- Vinokurov coming back is probably the best thing that could happen to Lance from a marketing standpoint. I imagine if the Kazaks insist that Vino rides for Astana, it could give Bruyneel the out he needs to take his operation elsewhere. I can't imagine any big races letting Vino in, he got off with a bullshit 1 year suspension because he "retired".

- Or the Great Nike/Trek/Giro/Oakley Bicycle Racing Team just buys out the whole thing.

- Contador leaves Livestrong, can't be on Astana because they won't get into any big races with Vino. Who has the budget to bring on a triple Grand Tour winner in Dec./Jan?

- Quickstep.

- Unless a Spanish team can step up big time. And they usually can't.

- Come April and July, Quickstep will be so happy Schumi got popped. Contador probably got the first phone call. Then Bettini.

- Bjarne Riis could render all of the above totally meaningless. And probably will.

- Bettini rides for Riis. Think about it. Just think about it.

- Contador vs. Basso vs. Lance Think about that.

I need some local dish sent my way.

Friday, October 03, 2008

Sweet Silver

This is old news by now, but definitely worth a post.

Mad props to Svein Tuft for taking 2nd in the World Champs TT. That 2nd came after a puncture and bike change. Svein's been around forever and races the right way. He's a tough as nails rider and a total class act. It's great to see him at the top of the sport.

Svein definitely deserves a place in the world's biggest races. Now he's riding for Garmin, so I hope he gets some big starts.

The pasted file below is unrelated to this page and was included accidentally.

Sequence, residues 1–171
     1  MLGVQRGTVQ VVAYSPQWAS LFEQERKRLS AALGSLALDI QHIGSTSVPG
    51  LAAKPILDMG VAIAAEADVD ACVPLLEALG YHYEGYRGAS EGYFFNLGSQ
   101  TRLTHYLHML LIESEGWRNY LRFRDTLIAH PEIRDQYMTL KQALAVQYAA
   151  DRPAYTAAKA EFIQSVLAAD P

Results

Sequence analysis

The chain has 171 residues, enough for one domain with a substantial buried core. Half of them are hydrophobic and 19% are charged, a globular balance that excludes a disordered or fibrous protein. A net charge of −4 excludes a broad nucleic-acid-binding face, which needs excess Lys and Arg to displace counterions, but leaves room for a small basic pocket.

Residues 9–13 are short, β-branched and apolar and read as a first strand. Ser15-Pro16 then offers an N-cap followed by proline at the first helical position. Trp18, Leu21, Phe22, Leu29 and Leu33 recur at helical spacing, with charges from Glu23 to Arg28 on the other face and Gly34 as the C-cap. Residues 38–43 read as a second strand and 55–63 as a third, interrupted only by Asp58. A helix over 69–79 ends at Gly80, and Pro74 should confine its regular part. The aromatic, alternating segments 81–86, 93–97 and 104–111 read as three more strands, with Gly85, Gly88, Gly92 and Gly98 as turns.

Monday, September 29, 2008

It's a Cross Season Road Gossip Fiesta!

Ah yes, the air is cooling, the leaves are changing and there aren't any more races for me to lose. Fall is here!

No big fan of the season myself, I go for a ride after work and everyone is carrying their bikes around. Which is boring and hard. Then they tell me the only races are on dirt. Where I might get dirty. Sorry!

Anyhoos, the '09 road season is basically underway as everyone is trying to dive head first into a very shallow sponsorship pool.

You might call him Ed, you might call him Ted, but he's signing to the dorky named CERVELO-TEST TEAM!

That's right, you heard it here first:


In service of Mellow Juan himself, Mr. Carlos Sastre.

And that my friends, is what you call a scoop!

Coincidentally enough, Salem based vacuum salesman/pro cyclist Omer Kem has been entrusted to fill out the Bissell squad with a couple "ghost riders". Word is Carson Miller was offered a position, AND TURNED IT DOWN TO RIDE ANOTHER YEAR WITH RUBICON!

Additional word is that Steven Beardsley might switch from Lover red/pink to Bissell red/white.